15 “UG” = unsubstantiated generalization The Hess Cognitive Rigor Matrix Applies Webb’s DOK to Bloom’s Cognitive Process DimensionsDepth + ThinkingLevel 1Recall & ReproductionLevel 2Skills & ConceptsLevel 3Strategic ThinkingLevel 4Extended ThinkingRemember- Recall, locate basic facts, details, eventsUnderstand- Select appropriate words to use when intended meaning is clearly evident- Specify, explain relationships- summarize– identify main ideas- Explain, generalize, or connect ideas using supporting evidence (quote, example, data …)- Explain how concepts or ideas specifically relate to other content domains or conceptsApply- Use language structure (pre/suffix) or word relationships (synonym/antonym) to determine meaning– Use context to identify meaning of word- Obtain and interpret information using text features- Use concepts to solve non-routine problems- Devise an approach among many alternatives to research a novel problemAnalyze- Identify whether information is contained in a graph, table, text feature, etc.– Compare literary elements, terms, facts, events– analyze format, organization, & text structures- Analyze or interpret author’s craft (literary devices, viewpoint, or potential bias) to critique a text– Analyze multiple sources- Analyze complex/abstract themesEvaluate“UG” = unsubstantiated generalization– Cite evidence and develop a logical argument for conjectures- Evaluate relevancy, accuracy, & completeness of informationCreate- Brainstorm ideas about a topic- Generate conjectures based on observations or prior knowledge- Synthesize information within one source, data set, or text- Synthesize information across multiple sources or textsThus the Hess CRM was developed with descriptors for each content area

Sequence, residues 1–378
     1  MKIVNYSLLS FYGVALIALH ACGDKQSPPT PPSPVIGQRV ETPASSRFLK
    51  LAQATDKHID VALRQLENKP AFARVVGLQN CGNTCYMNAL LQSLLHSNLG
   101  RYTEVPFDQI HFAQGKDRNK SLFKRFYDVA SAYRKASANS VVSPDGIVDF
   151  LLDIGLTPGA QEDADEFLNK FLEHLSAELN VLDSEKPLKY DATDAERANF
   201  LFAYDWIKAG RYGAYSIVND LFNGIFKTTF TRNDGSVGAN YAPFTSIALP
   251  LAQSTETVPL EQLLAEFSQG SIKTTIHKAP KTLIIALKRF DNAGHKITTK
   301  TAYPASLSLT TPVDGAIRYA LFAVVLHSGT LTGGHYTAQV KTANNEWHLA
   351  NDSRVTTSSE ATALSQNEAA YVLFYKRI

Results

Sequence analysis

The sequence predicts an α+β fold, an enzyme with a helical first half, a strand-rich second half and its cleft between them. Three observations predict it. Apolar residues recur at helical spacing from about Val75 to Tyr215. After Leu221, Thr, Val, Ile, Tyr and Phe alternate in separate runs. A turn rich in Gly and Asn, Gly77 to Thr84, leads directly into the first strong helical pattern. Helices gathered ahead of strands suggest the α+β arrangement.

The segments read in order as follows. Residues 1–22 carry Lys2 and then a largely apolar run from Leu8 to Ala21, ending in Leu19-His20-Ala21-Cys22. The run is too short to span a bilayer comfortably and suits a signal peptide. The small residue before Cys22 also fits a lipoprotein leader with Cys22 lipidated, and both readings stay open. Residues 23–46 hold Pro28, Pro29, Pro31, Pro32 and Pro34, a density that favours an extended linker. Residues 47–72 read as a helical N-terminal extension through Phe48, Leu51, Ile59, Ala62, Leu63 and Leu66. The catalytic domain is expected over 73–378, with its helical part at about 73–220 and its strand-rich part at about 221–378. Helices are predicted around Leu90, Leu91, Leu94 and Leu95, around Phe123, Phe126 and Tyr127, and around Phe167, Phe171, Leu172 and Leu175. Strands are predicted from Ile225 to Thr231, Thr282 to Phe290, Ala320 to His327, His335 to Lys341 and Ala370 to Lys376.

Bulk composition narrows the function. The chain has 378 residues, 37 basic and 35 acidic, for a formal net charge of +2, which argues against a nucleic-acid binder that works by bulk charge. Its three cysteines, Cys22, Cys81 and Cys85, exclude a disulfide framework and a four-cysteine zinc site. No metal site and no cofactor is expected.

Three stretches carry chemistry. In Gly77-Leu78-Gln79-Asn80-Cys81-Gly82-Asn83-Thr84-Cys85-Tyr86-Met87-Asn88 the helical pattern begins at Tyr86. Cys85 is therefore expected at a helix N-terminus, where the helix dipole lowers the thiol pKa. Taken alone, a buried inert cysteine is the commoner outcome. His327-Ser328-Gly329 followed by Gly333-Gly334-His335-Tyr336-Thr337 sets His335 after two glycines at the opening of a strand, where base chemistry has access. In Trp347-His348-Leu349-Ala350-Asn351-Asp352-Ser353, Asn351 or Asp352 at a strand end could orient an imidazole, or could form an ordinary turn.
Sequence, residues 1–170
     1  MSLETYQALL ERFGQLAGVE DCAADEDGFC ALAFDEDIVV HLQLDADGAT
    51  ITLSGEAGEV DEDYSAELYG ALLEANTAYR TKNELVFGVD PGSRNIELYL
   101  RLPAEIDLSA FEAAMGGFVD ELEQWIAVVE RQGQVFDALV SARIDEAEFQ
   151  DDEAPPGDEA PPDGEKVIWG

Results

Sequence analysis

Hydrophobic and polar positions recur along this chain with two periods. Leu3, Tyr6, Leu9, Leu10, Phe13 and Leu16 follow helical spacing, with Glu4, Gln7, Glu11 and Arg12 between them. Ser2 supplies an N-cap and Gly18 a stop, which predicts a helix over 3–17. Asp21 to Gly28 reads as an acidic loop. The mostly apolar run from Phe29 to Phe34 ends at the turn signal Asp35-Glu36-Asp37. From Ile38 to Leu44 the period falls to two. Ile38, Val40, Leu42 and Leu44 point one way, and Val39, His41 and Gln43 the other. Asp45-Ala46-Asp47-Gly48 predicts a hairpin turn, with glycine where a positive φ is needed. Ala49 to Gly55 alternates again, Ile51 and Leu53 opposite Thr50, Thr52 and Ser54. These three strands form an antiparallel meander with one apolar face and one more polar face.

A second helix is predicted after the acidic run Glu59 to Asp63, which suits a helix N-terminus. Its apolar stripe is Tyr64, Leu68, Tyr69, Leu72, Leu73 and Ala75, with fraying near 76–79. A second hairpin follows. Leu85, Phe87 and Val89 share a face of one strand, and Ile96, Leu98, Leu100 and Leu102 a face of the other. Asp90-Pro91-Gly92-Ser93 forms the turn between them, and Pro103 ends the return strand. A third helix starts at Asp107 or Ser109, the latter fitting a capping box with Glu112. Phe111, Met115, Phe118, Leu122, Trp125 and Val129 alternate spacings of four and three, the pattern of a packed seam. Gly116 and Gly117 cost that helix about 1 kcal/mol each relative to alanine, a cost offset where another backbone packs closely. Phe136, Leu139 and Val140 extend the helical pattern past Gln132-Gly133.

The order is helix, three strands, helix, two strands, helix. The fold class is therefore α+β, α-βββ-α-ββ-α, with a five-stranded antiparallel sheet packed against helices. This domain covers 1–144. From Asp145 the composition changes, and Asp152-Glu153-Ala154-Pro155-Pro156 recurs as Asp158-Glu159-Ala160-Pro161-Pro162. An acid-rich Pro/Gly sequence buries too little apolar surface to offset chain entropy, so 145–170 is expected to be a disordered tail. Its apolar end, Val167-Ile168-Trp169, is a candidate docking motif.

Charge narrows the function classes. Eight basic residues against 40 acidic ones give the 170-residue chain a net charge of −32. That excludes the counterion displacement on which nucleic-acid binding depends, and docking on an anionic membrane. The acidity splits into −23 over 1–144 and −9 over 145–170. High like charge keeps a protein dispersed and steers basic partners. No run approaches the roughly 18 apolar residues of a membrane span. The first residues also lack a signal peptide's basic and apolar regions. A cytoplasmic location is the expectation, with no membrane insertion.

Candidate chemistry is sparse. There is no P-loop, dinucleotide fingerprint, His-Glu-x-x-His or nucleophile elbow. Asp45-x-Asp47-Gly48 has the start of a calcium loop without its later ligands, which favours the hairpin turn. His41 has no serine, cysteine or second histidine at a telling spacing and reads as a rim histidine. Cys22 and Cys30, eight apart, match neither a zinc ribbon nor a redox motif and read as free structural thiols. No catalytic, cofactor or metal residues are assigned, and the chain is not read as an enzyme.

16 DOK Misconception #5: All DOK levels can be assessed with a multiple choice question That’s just dumb!Weak DOK 3 multiple choice items are possible; but does selecting the best option (e.g., locate supporting evidence for a theme) provide as much insight as seeing HOW a student formulates and reveals thinking?By their nature, DOK 3 and 4 questions/tasks are more open-ended, generally take longer to respond to/solve, and may have more than one “appropriate right answer”